Google Places: Treat Tags & Boost Like Your PPC
Elizabeth Marsten Feb 7 2011
Are you managing your own or your client's Google Places page promotion? If not, you probably should think about it. It all boils down to PPC type management
in the end and if left to their own devices, you know what will happen. One person fills it out to the best of their ability one time, someone else looks at it
and goes "OK" and then the Places page is checked of the list of to dos.
And in a way, it is. Someone finally claimed it. The URL is there, the description, hours, location, categories and payment, what else is there? Heck they even
put in a couple of photos and linked up the YouTube video version of the commercial. Just sit back and wait for the reviews and customers to roll in right?
Sort of. You could do that. Or you could pimp the heck out of it.
This is PPC. There's no question about it, just really simplified. You deposit a set amount for the account to deduct from each time a person clicks the "boost"
ad. Launched last October to limited cities, it's slowly widening it's reach, now available around the country and moving on to additional categories. Depending
on what categories you've selected for your business will determine your availability. If it's not there for you yet- fill out that "email me when it is available
for my business" link in your Google Places account and unfortunately, wait.
Here's the quick hit list:
- Business has to be fully claimed and verified in Google Places.
- Ads are created in the Google Places account, not AdWords.
- Ads appear in the same sponsored links areas like PPC ads.
- Note that the Map marker is blue to indicate sponsored, where the organic markers are red.
- Fill everything out- short business description, add URL (website or Place page address), choose categories, set budget.
- The short description of your business is pulled by Google from your Google Places listing description- you can edit it though.
- Describe your business smartly…get the important stuff in there first. I couldn't find any specific editorial guidelines about including (or not) promotional
content in this section.Suppose there's only one way to find out…
- Deposit/set a monthly budget of at least $50 (recommended) if you don't want choose one of the listed price ranges.
- Pay just like PPC, only when someone clicks, impressions are free.
- No keywords.
- If you already have AdWords- Places will AUTOMATICALLY use that credit card on file. They do not ask as you are setting up shop for a card and this is why.
- Billing happens every 30 days or when you account reaches your billing threshold, whichever comes first. Basically- you need to keep an eye on it.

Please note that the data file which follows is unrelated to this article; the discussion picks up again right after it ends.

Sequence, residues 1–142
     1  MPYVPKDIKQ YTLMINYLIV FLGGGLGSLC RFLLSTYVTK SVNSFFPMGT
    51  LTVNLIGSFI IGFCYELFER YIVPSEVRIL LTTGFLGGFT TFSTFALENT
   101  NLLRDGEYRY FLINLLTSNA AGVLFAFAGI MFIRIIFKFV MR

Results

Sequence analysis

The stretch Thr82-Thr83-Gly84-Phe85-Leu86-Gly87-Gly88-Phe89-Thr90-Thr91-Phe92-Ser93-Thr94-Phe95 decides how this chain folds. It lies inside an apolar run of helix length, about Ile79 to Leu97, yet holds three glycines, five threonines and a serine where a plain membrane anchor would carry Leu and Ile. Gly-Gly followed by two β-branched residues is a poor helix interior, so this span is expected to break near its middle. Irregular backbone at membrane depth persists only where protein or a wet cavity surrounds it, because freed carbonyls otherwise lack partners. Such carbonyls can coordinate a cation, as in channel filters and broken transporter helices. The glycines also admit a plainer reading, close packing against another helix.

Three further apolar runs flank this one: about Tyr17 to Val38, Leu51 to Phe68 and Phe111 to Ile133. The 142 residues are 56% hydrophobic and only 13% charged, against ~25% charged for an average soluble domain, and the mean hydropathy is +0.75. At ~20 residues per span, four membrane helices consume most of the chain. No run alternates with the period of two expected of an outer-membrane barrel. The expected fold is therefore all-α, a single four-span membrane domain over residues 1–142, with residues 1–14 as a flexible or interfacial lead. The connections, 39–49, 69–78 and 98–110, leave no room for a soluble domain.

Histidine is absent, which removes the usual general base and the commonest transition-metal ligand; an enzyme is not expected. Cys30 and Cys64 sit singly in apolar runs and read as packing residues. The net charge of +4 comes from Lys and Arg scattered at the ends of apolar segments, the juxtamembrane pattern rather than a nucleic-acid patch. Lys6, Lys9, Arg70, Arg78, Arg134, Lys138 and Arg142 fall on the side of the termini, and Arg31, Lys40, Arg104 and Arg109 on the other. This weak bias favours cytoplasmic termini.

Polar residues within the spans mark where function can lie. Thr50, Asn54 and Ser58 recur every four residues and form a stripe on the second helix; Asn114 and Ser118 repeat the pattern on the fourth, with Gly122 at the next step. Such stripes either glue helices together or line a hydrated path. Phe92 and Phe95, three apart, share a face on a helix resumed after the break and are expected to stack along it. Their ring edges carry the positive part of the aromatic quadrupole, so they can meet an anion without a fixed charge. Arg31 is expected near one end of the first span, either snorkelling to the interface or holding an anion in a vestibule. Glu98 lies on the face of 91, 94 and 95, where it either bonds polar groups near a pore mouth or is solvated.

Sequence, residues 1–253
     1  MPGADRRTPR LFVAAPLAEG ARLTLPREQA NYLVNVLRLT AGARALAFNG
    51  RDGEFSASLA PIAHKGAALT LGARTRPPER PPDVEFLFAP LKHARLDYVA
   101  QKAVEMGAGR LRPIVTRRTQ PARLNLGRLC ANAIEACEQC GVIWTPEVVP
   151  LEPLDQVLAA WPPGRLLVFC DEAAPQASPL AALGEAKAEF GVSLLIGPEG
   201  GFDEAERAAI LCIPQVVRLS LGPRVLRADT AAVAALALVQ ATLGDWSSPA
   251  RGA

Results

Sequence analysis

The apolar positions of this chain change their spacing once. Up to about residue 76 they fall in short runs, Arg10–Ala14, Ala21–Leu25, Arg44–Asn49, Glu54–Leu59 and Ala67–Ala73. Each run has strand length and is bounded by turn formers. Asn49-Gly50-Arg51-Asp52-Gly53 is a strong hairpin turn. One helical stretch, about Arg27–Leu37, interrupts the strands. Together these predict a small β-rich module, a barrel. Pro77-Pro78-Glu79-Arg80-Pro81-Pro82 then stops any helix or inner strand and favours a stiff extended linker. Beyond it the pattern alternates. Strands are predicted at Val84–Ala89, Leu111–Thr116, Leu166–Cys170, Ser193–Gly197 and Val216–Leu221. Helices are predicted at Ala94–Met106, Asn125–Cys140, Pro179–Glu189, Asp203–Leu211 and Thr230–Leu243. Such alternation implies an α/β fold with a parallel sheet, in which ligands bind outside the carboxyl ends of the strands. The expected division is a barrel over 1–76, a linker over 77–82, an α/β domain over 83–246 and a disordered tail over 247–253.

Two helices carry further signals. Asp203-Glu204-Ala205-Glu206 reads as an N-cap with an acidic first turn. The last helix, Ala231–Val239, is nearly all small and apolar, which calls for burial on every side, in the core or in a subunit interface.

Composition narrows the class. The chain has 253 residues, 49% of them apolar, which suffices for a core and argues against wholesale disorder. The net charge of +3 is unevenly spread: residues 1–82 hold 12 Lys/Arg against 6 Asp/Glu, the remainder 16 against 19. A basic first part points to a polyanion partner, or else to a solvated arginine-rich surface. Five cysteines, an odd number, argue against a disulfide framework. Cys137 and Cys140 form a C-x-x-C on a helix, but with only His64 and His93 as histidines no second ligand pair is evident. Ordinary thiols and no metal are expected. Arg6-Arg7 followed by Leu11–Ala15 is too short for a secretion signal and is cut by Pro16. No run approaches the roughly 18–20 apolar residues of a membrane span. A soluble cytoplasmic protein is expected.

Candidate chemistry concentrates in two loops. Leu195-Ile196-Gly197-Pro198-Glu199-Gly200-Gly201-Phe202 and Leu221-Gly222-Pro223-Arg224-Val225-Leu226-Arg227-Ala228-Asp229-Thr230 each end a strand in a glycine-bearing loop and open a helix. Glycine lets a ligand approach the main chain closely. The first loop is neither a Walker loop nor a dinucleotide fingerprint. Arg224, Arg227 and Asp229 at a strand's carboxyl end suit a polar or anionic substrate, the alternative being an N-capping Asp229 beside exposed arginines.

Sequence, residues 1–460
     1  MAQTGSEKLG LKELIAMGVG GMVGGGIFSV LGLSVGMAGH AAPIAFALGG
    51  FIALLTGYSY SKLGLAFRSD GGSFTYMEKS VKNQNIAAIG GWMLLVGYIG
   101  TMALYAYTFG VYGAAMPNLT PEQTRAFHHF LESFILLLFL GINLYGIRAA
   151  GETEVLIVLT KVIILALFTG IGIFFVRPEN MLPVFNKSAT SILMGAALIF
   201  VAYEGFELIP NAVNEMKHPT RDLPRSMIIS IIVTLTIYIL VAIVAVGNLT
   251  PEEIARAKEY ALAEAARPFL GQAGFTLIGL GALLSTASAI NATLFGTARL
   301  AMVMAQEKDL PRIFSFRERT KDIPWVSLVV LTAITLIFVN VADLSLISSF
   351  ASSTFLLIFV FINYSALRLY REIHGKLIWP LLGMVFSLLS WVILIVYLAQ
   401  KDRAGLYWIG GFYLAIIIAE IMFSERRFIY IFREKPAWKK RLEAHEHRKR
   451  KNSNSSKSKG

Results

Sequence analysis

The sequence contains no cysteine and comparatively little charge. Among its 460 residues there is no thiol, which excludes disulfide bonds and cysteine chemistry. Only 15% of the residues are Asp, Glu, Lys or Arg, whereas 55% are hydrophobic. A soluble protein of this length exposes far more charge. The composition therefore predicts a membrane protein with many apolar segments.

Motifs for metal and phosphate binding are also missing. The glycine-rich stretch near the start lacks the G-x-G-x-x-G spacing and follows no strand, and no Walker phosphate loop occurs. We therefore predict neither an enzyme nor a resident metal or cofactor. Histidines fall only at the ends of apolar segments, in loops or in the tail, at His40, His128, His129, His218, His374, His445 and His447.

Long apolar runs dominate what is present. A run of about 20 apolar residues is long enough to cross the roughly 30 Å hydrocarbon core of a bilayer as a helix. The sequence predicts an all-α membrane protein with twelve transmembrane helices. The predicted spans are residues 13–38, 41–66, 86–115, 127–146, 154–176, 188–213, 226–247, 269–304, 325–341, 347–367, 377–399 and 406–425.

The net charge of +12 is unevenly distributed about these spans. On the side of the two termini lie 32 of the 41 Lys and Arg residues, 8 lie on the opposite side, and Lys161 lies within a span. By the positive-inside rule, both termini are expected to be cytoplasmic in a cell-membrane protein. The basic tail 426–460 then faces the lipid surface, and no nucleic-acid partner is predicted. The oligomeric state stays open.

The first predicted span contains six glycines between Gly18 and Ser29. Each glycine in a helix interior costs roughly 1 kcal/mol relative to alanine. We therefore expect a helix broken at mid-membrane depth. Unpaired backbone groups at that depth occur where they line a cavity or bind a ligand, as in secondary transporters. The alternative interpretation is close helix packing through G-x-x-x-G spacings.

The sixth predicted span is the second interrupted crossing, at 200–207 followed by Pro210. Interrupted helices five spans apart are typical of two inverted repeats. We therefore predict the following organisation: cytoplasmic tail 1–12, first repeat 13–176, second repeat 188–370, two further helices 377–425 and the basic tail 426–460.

- To stop, deactivate the ad. It'll take a few hours for the change to take effect and you will still pay for any clicks until then.
Once you are eligible, you'll get to do what I think is really neat, adding "tags" to your Boost listings.
Currently Google Tags is offering a 30 day free trial good through February 28, 2010, after which it's a $25 flat fee per month to use anytime.
Here's are some ads using tags:
All you have to do is click on the "Create Tags" link in your Google Places account and start selecting from the types of tags:
Click on the radio button next to the options to add a URL for an online reservations or menu page, add a notification like a special in store anniversary sale,
add video or printable coupons.
And the quick hit list:
- 30 Day trial ends 2/28, after that $25. The $25 is regardless of clicks and that $25 fee could go up or down.
- Charges don't occur until the trial is over.
- Unlike Boost, you CAN enter a different credit card when you sign up for Tags.
- The $25 charge is for the current tag for the month. You can start, stop, change or add a tag anytime, your bill will be prorated for the month. Just remember-$25
- Tag stats can be seen on the Google Places dashboard.
- Video tags go to the videos section of your Google Places page, which needs to have had videos uploaded to YouTube first.
- Offer tags are to be free and printable and if your offer expires, your tag will default to photos (or be deactivated if there are no photos.)
- Update tags can be edited through your Google Places page and expire after 30 days. They also default to photos after the expiration.
Local businesses should grab hold of this now and take it for a test drive before it really starts to catch on. Especially emergency/house call type businesses,
when your basement is flooding or you're locked out of your car, the listing that gets clicked is the one the jumps out!
Vice President of Search Marketing
Elizabeth supervises the overall search division at Portent, which includes PPC, SEO, Social Media and Analytics. If you really want to know more about her check out her bit.ly bundle. Elizabeth has written several ebooks, is a ClickZ columnist, a Lynda.com course author, a Dummies book author and speaks on PPC across the USA at various conferences including the SMX shows, mozCon and Hero Con. Read More